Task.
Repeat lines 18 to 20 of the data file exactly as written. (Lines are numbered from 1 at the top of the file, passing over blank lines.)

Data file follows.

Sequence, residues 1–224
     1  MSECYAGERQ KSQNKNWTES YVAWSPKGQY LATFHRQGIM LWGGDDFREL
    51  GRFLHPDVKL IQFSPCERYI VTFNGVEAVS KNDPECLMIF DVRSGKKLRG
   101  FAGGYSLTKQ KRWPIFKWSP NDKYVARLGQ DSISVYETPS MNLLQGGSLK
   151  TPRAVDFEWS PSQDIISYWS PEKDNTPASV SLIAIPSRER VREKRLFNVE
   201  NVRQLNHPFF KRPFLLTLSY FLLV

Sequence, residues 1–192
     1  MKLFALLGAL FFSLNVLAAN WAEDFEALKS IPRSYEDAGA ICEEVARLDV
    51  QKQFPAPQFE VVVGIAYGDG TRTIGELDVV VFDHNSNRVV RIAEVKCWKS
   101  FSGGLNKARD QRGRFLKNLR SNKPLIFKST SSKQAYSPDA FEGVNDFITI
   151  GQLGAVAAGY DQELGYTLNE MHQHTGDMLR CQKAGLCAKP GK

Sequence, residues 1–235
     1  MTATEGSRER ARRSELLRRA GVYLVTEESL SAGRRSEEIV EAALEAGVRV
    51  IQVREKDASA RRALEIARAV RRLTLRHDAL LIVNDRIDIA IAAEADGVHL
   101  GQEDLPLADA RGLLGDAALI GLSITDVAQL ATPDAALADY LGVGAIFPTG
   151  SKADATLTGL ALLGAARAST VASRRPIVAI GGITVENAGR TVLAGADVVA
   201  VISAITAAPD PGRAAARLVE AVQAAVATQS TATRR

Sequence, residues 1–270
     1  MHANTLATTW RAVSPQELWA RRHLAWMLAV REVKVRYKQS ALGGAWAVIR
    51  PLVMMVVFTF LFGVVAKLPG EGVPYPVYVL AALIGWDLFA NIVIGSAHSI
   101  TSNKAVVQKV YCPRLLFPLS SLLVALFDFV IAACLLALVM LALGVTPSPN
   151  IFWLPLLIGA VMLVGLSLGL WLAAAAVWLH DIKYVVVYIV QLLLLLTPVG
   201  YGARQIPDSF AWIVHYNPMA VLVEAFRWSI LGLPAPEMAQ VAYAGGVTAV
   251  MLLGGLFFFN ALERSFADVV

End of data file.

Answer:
Sequence, residues 1–270
     1  MHANTLATTW RAVSPQELWA RRHLAWMLAV REVKVRYKQS ALGGAWAVIR
    51  PLVMMVVFTF LFGVVAKLPG EGVPYPVYVL AALIGWDLFA NIVIGSAHSI